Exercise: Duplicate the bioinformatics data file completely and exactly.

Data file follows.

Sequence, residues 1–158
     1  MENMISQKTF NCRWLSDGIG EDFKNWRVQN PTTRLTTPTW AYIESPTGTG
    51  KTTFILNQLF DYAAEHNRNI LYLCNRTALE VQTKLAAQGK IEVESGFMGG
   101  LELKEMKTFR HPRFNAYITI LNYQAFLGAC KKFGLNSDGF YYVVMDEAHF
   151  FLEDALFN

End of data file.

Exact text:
Sequence, residues 1–158
     1  MENMISQKTF NCRWLSDGIG EDFKNWRVQN PTTRLTTPTW AYIESPTGTG
    51  KTTFILNQLF DYAAEHNRNI LYLCNRTALE VQTKLAAQGK IEVESGFMGG
   101  LELKEMKTFR HPRFNAYITI LNYQAFLGAC KKFGLNSDGF YYVVMDEAHF
   151  FLEDALFN